Earlier this week, King County officials, including Executive Dow Constantine, announced that $7 million will be used to create high-volume community vaccination sites and mobile teams so that as many residents as possible will be quickly, efficiently, and equitably vaccinated. According to the press release, the sites will serve people at highest risk of severe illness and death from COVID-19 first and eventually be open to all members of the public as more vaccine supplies become available.  

The press release states, for COVID-19 to be contained and for the region to reopen, Public Health — Seattle & King County estimates that at least 70 percent of all adults, or approximately 1.26 million people, will need to be vaccinated.

Part of King County’s vaccine rollout strategy is to ensure people have equitable access to vaccines as quickly as possible. The county vaccine sites will be  important for people who are not connected to the health care system, who work multiple jobs or face barriers accessing health care.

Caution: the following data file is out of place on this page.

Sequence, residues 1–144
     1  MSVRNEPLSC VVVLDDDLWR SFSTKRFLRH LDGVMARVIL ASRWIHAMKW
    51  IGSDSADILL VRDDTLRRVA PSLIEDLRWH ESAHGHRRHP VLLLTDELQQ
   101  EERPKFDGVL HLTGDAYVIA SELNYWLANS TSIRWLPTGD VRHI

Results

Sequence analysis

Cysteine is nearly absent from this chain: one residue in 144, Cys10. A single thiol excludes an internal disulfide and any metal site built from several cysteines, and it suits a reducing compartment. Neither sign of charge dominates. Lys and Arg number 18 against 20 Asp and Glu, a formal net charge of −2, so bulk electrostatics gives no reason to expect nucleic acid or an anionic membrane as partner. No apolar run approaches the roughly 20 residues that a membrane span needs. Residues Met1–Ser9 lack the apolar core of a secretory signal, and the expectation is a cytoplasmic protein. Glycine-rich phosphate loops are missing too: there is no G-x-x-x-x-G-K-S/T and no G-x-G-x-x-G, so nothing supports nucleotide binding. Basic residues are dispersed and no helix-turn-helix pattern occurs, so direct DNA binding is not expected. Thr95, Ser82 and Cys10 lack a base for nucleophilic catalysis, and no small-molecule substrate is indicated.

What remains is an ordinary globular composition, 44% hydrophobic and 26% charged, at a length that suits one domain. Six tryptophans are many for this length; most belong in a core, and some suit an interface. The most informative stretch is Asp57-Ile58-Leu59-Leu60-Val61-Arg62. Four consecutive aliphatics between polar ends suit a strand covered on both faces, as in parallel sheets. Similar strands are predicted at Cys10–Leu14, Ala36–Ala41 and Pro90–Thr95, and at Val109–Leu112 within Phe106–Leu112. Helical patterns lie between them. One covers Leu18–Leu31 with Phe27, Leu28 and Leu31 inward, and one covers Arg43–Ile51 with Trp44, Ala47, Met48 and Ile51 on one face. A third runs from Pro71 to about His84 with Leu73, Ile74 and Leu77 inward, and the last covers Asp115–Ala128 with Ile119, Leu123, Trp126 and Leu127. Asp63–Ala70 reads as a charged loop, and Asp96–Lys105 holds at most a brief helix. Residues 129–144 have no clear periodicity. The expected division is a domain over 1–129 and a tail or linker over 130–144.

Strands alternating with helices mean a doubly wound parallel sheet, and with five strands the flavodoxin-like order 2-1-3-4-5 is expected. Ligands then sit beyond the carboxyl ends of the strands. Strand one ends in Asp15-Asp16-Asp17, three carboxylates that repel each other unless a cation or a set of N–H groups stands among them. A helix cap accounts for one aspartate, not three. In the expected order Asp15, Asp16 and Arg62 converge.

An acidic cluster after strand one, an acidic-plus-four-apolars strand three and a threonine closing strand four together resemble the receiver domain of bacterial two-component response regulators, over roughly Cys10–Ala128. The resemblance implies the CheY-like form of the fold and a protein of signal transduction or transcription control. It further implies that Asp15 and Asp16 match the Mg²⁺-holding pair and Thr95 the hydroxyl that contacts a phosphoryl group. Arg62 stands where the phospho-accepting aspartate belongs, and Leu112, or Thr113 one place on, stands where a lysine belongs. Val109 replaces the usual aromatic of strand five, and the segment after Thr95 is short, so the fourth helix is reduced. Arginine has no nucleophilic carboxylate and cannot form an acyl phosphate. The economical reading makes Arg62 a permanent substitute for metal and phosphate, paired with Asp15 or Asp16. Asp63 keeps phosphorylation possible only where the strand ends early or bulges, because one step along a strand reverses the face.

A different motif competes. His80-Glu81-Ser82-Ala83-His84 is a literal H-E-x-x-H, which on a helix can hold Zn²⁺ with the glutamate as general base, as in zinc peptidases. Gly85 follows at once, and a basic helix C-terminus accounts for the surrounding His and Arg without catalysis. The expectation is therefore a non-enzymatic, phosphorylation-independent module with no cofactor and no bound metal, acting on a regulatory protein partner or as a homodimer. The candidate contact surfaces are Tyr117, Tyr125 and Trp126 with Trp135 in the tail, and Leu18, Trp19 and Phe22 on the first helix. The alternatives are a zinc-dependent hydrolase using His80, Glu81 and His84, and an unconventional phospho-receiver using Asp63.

“King County will step up and organize community vaccination centers and mobile teams to make sure we hit the ground running as more and more people become eligible to receive doses,” Constantine said in the press release. “To get this pandemic under control, 16,000 adults must be vaccinated every day for six months. That’s why we need everyone behind this effort. We are moving ahead now despite the lack of clarity on supply chain or federal funding allocation because every day delayed impacts the lives of our residents, the strength of our community, and the vitality of our businesses.”

According to the press release, County Councilmember Jeanne Kohl-Welles will be working with Constantine as the council’s Budget Committee chair to secure federal funding for reimbursement “I applaud Executive Constantine for committing to this significant and crucial investment in building King County’s vaccination infrastructure and subsequent ability to combat COVID-19,” Kohl-Welles said in the press release.  “Unfortunately, we are filling a gap that has resulted from the failure of the current federal Administration to fulfill its responsibility. The reality is we cannot wait. Investing now will make it possible for us to significantly and equitably expand vaccination capacity and accessibility as the doses become available.”